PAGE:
ISLAMABAD – The National Commission for Human Development (NCHD) has established 120,263 adult literacy centres in 134 districts so far to increase literacy rate to 86 percent till the year 2015.
The programme also focuses on implementation of post literacy programme, by establishing 3,750 centres that included an enhanced level of Urdu/Sindhi language proficiency and teaching English to the neo-literates, as a pilot project, establishment of four Community Learning Centres (CLCs) as a pilot activity in Punjab and KPK Development of ICT-based Literacy Kit (first ICT-kit in Pakistan), pilot testing in two community Learning Centres.
Recognising the fact that adult literacy is the key to improve standard of living and quality of human resources, NCHD has been implementing the programme with the mission to increase literacy rate to 86 per cent by the year 2015.
The adult literacy centres in local communities provide basic literacy skills to the individuals (especially women) in the age group of 11-45, who were either never enrolled before or dropped out of school before acquiring literacy skills.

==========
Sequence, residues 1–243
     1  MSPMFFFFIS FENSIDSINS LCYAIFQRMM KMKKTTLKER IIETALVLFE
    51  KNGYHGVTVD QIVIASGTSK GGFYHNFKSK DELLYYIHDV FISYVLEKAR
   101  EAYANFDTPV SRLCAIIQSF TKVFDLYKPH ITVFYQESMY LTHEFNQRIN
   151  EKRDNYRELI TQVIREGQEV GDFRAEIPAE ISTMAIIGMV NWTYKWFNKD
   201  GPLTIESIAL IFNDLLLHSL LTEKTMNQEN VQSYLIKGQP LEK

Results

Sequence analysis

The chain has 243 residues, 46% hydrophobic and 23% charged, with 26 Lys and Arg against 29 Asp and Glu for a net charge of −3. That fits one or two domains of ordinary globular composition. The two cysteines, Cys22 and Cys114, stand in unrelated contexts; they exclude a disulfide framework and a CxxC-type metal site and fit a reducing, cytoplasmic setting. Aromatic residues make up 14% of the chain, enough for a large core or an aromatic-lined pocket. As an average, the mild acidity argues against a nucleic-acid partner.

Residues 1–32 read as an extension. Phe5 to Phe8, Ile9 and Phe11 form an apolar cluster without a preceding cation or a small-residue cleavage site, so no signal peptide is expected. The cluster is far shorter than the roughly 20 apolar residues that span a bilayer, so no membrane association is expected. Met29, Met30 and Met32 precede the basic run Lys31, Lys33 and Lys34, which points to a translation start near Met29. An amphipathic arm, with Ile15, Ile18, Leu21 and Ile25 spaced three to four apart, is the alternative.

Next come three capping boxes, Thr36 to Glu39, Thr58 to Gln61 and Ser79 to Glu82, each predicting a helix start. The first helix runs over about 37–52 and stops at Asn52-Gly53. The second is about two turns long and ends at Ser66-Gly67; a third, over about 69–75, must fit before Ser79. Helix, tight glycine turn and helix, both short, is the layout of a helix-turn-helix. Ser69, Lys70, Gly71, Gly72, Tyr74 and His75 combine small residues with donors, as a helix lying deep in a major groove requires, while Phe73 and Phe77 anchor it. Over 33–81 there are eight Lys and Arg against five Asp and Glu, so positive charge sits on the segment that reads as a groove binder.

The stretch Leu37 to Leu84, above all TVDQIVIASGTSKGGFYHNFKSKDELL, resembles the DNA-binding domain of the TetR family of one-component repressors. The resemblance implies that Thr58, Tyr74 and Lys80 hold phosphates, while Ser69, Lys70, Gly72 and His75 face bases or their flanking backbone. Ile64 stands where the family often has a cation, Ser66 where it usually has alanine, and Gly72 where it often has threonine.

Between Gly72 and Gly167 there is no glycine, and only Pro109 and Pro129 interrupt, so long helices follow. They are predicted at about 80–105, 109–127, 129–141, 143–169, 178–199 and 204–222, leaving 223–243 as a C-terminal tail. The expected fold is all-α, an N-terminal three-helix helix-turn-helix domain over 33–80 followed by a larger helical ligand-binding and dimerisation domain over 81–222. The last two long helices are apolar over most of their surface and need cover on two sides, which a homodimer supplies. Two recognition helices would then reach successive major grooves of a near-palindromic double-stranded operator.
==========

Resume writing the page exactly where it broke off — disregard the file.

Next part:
The syllabus and textbooks are designed for easy learning and functionality, thereby enhancing retention. Communities are mobilised to provide space as well as the teachers. Women are encouraged particularly to join these centres.
After the completion of six-month course, the learner is able to achieve the basic literacy equivalent to grade three, read simple text of Urdu, write a simple letter, manage figures up to four digits-able to add, subtract, multiply and divide.
The objectives of the programme consider Literacy as a key instrument to social, economic and political change of any society. “It leads to eradication of poverty, enhancement in quality employment, and democratic participation. In the past however, literacy has not received the commitment that it should be and its concerning to note that Pakistan lags far behind its ‘Education For All’ targets,” the official said.
The school enrolment ratio, high dropout rate and poor standards ensure that there are a large number of adults who need to be taught literacy skills. It is time that teaching adults is included in Education For All policy. Teaching adults would help in expanding school enrolment, as parents who are literate want their children to be educated.
As the leading organisation for Literacy in Pakistan, NCHD is striving to empower the people at the grassroots to become the agents of social change.